The Life of Wine

 |  November 29, 2010

I only drink champagne when I’m happy, and when I’m sad. Sometimes I drink it when I’m alone. When I have company, I consider it obligatory. I trifle with it if I am not hungry and drink it when I am. Otherwise I never touch it – unless I’m thirsty.”
– Madame Lily Bollinger

Welcome to the fizzy end of the year. Travelling, partying or seeing the last few days out at work before the long deserved break you will no doubt be confronted by some genus of sparkling wine or, if you are lucky, Champagne. We like to affectionately call it ‘bubbly’ or ‘fizz’.

Just about every grape growing region in the world makes some kind of fizz but despite a devastating nematode plague called phylloxera in the late nineteenth century, two World Wars, intense competition and a long lasting global recession, Champagne remains the undisputed Queen of sparkling wine. The Champenoise believe it is this chalk layer and climatic extremities that make the vines struggle for every breath of development ultimately leading to intensity of flavour, and that indispensible elegance in the bottle. The French call such influences ‘terroir’. The Italians call it ‘terra’. Although the word translates to ‘from the earth’ it is really a way of saying ‘it just is…’

The region is one of the most stringently controlled wine regions of France. From finite growing area to the amount of juice a producer is permitted to squeeze per grape tonnage, Champagnes desire to maintain its extraordinarily high quality standards is unwavering and the amount of money invested in research and development in the area is astounding. Most of the hand applied production techniques have been replaced by fully automated methods essential for consistent, high scale manufacture. Romance has been sacrificed for consumer thirst. About 400 million bottles of Champagne could be sold in 2010.

How does sparkling wine differ from Champagne? Aside from the strict quality controls separating Champagne from its fizzy rivals, there is a certain elegance or finesse in the taste and texture of Champagne. Australia, New Zealand, USA, Spain, Italy and other regions of France all make admirable sparkling wines, some of which don’t burn a hole in the pocket but they all appear to have a degree of “greenness” to them. Champagne possesses a creamy quality not generally found in other sparkling wines. This creamy mouth-feel called the “mousse”, partly achieved by the secondary fermen- tation inside the bottle is one of the much coveted quality outcomes of all Champagne Houses. The complicated way in which the elegance, finesse and moussing is achieved we shall leave for another day. Until then we can say ‘it just is…’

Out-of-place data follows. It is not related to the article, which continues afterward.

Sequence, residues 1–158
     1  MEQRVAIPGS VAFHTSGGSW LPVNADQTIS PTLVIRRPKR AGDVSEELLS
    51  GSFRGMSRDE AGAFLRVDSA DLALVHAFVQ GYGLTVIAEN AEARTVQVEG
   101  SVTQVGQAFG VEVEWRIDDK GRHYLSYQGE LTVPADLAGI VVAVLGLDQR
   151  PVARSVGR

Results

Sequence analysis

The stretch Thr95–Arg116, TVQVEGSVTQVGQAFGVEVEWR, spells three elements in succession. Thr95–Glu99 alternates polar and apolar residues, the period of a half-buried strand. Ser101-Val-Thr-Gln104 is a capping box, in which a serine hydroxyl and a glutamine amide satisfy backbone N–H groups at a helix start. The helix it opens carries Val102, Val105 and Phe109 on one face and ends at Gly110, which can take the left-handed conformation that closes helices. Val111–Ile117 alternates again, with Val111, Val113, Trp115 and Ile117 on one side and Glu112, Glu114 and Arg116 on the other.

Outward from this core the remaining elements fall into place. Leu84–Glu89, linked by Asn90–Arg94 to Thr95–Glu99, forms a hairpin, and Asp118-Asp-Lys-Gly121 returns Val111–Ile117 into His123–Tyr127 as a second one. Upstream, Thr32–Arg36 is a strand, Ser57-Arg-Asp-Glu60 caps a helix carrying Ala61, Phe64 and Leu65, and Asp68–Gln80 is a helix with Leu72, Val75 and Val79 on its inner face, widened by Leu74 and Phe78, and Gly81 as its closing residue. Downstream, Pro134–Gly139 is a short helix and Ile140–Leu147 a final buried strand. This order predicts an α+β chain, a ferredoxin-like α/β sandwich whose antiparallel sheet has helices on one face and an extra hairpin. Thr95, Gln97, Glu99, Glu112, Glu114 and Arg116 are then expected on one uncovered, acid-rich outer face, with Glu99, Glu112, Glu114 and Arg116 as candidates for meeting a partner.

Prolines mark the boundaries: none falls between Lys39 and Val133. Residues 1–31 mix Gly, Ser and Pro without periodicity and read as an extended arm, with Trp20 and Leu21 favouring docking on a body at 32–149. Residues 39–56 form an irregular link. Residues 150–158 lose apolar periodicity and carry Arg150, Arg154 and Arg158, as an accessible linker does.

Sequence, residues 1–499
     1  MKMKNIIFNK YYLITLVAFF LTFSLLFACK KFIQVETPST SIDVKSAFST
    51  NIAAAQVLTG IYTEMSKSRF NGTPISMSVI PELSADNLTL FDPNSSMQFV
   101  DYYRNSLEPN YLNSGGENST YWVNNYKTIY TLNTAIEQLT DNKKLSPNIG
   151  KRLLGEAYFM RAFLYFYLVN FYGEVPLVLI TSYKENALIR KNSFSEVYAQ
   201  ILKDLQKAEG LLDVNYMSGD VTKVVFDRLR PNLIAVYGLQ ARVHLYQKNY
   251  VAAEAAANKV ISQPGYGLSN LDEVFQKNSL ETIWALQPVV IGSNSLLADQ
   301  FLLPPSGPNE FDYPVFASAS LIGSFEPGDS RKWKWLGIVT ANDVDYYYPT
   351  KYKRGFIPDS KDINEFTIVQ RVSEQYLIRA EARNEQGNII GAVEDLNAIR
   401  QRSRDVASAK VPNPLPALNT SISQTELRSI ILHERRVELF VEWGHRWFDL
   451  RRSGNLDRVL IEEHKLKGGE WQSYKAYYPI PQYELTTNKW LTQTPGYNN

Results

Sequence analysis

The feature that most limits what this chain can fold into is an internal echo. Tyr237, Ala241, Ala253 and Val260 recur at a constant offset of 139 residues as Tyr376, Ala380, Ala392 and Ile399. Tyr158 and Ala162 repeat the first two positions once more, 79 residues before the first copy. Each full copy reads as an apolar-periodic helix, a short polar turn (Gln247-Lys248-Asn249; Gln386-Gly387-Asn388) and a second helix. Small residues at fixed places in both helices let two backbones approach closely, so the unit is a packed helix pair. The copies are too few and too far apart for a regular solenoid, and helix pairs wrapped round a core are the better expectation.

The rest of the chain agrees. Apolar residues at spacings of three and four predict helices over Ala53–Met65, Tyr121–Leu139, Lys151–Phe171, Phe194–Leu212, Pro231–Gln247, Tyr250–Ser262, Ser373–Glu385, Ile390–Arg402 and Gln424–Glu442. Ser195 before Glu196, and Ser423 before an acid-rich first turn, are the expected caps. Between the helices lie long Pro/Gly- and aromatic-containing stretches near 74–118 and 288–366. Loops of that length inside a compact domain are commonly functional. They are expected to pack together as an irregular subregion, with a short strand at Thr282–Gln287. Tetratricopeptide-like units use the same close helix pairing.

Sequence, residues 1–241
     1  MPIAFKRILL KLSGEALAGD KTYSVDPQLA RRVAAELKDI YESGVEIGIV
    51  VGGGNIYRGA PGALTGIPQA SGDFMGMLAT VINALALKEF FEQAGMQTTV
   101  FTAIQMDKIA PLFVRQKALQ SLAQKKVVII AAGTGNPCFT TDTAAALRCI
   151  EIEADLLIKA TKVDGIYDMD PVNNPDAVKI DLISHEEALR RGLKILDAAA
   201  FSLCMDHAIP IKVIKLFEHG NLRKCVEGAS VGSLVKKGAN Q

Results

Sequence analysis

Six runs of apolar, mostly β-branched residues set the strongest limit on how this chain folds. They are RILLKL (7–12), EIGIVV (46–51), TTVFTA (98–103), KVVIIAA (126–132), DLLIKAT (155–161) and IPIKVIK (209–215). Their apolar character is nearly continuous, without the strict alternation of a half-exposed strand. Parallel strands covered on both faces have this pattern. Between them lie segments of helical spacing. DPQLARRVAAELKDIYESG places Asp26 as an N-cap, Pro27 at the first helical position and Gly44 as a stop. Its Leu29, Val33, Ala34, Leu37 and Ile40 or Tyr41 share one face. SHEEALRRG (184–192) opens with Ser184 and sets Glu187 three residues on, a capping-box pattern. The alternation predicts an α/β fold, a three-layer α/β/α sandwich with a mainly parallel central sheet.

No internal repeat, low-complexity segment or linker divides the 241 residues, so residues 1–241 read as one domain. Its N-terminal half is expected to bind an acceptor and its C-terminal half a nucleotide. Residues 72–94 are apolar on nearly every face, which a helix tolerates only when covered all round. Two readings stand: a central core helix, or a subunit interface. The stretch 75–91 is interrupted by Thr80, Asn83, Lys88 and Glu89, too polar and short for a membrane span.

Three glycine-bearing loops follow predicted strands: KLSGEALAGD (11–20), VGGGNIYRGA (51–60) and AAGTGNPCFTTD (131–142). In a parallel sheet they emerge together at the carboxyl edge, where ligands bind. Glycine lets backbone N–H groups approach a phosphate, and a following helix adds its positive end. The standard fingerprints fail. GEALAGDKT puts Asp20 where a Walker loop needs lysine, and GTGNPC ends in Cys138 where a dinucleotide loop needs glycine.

The Italians perhaps produce the most versatile range of sparkling wines most of which are grown in the northern regions. Franciacorta (fran-chee-a-cor-ta) sparkling wine from Lombardy is made in the ‘Champagne’ style and is considered to be the star of Italian sparkling wine. Prosecco from the region of Veneto is made traditionally to be off-dry but these days we are seeing more dry versions of this frivolous fizz. Prosecco is probably the most consumed Italian sparkling partly thanks to the famous Bellini cocktail with white peach juice invented at Harry’s Bar, Venice. Moscato D’Asti is another light, refreshing drink from Piedmont. It’s alcohol content sits at around 5% and the sugar/acid balance makes it ideal with fresh fruit and pastries on a Sunday morning.

“In victory, you deserve Champagne, in defeat, you need it.”
– Napoleon Bonaparte

December Best Buys
Champagne & sparkling

• Delamotte Brut NV, Champagne

Biscuity, bready and reasonably weighty. Lovely balance and elegant acidity. Can handle robust dishes.
1690 baht Italasia 086 431 7297

• Mont Clair Sparkling Brut, South Africa

Quite a well made fizz for the price. Elegant sherbet and green apple flavours keep you coming back for more.
365 baht Horeca Supply 081 472 6773

• Prosecco Cascine, Italy

Medium dry, light with typical green fruit characters. Great with olives, ciabata and dip.
850 baht Italasia 086 431 7297

• Moscato D’Asti, Batasiolo

No problems finishing a bottle here with just 5% alcohol. Semi dry and fragrant pear and almond. Breakfast fruits or brunch.
850 baht Italasia 086 431 7297

Note: All prices are correct at the time of publication. Citylife is not responsible for any price variations set by wine industry promotional activity.
January issue: CityWine – the new wine initiative.